National Tree Day Case Studies - Baldivis Children's Forest Western Australia

Baldivis Children's Forest Western Australia


Nyoogar students plant trees as part of Schools Tree Day activities


Tranby college students take part in 2007 Schools Tree Day

The Baldivis Children’s Forest has grown from a single schools tree planting day to a year round project with enough corporate funding to employ two part time staff.

Baldivis Children’s Forest is located in the semi rural town of Baldivis approximately 60 kilometres south of Perth. A site that spans 20 hectares, it encompasses what remains of the Tuart Woodlands and a portion of the heritage listed Outridge Swamp.

Revegetation activities have been taking place at the Baldivis Children’s Forest for eight years. It was originally chosen as a Schools Tree Day site because concerned school children wanted to preserve some of the local environment that was being cleared for housing.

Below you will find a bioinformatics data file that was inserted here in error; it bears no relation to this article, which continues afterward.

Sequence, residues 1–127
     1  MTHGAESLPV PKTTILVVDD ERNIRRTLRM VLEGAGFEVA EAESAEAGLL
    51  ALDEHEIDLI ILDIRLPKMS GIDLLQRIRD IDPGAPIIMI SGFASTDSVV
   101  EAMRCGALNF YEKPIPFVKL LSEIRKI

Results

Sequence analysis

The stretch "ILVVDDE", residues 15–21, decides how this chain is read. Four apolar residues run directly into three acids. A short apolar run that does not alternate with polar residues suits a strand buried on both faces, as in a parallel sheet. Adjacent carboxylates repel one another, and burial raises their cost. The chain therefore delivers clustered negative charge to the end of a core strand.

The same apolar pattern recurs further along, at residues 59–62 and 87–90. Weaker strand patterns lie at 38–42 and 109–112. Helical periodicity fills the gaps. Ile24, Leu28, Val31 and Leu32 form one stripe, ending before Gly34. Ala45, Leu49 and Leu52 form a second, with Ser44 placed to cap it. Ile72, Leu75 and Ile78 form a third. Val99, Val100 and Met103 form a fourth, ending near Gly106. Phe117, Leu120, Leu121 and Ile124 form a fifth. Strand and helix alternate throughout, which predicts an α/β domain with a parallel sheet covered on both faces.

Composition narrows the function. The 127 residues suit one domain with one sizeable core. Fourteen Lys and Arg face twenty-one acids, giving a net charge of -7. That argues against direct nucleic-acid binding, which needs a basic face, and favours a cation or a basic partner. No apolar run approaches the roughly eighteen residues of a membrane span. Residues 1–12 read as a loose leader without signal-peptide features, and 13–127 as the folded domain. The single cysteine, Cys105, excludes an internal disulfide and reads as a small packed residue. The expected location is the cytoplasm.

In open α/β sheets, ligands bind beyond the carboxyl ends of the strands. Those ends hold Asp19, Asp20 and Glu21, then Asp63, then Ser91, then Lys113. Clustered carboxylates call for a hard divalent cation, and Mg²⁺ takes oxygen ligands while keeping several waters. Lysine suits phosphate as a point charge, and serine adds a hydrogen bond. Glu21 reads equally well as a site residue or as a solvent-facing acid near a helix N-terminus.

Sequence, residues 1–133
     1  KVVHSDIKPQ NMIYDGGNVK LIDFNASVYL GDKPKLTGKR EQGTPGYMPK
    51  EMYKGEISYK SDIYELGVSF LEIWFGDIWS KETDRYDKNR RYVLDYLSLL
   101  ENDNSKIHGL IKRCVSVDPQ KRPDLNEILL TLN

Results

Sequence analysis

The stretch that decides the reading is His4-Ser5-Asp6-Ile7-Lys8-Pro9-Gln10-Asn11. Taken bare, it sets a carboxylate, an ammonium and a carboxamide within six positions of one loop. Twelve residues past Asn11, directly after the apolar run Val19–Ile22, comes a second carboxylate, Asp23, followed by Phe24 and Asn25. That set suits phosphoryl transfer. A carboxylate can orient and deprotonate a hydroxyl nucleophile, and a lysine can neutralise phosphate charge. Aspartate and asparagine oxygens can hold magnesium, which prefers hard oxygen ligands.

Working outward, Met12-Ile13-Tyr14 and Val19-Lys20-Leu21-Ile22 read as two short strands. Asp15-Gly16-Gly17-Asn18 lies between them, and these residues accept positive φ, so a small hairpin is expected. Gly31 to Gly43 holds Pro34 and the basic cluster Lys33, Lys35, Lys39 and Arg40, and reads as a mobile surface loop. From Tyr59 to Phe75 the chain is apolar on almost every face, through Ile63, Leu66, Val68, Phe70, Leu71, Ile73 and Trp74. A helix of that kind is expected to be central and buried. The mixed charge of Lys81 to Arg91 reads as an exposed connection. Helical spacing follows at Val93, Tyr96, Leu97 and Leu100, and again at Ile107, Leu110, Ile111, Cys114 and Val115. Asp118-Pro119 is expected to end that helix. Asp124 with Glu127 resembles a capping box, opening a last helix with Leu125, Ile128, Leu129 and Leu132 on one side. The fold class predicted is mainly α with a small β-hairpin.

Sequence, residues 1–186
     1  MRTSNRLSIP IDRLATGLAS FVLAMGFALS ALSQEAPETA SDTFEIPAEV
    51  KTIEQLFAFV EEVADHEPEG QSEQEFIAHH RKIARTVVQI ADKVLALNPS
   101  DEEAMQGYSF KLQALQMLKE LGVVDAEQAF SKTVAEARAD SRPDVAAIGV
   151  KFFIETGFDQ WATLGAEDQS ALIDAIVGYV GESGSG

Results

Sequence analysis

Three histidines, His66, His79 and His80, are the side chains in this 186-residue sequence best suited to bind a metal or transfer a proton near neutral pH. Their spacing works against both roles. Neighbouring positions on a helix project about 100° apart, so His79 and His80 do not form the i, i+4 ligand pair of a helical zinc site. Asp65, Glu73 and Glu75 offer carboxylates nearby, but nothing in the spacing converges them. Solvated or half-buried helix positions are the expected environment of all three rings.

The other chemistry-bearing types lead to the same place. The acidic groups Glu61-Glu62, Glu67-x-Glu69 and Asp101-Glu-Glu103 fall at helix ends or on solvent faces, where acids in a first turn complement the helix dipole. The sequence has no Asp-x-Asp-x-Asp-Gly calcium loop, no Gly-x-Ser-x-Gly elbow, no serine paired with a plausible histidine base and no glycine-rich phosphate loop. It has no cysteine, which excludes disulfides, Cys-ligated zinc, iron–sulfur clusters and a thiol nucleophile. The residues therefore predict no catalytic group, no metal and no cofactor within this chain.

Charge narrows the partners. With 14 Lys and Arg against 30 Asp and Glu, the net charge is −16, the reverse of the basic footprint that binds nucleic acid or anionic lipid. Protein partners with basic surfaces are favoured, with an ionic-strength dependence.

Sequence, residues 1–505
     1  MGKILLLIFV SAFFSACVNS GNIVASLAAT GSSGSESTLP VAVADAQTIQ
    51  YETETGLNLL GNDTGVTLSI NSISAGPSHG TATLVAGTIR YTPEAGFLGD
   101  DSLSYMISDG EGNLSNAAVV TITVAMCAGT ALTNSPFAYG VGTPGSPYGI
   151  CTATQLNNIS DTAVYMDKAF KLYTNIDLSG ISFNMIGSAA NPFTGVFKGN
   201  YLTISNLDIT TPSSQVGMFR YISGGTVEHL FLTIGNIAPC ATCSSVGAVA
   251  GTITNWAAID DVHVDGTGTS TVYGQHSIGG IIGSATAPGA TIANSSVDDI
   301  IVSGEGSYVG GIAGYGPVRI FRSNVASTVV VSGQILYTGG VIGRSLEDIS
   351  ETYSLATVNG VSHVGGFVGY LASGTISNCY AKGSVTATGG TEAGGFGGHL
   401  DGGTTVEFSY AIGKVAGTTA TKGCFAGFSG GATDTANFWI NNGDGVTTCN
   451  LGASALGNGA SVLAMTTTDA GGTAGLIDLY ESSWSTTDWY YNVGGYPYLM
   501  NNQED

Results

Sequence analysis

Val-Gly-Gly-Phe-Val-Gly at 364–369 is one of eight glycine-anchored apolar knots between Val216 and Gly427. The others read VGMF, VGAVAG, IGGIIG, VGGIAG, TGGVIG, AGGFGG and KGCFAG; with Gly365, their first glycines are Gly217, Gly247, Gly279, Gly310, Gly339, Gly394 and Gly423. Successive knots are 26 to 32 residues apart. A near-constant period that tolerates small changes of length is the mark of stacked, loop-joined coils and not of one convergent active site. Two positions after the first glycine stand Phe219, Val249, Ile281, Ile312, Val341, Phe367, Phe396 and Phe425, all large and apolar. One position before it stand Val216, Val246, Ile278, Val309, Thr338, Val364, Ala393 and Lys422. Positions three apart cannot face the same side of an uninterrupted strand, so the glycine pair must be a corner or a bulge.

The project has since grown from a single schools tree planting day to a year round project with enough corporate funding to employ two part time staff. In 2007, 900 children from 12 schools joined dozens of teachers and a host of community volunteers to plant more than 2, 800 seedlings.

With help from local Government and community groups such as Landcare and the Baldivis Bush Fire Brigade, students and teachers undertake year round site maintenance including watering and weed control. In 2007, tree planting took place over ten days, eight of which were registered with National Tree Day.

The Forest provides food and shelter to many different animals including the western grey kangaroo, southern brown bandicoot and 25 different species of reptiles. In 2005 a capital works program commenced and has seen walking tracks, fencing, toilets, a barbeque and outdoor classroom and amphitheatre constructed allowing the community to enjoy the environment they have worked so hard to sustain. Year round Nyoongar cultural workshops and school activity days focus on environmental conservation, science, the Arts and Aboriginal culture.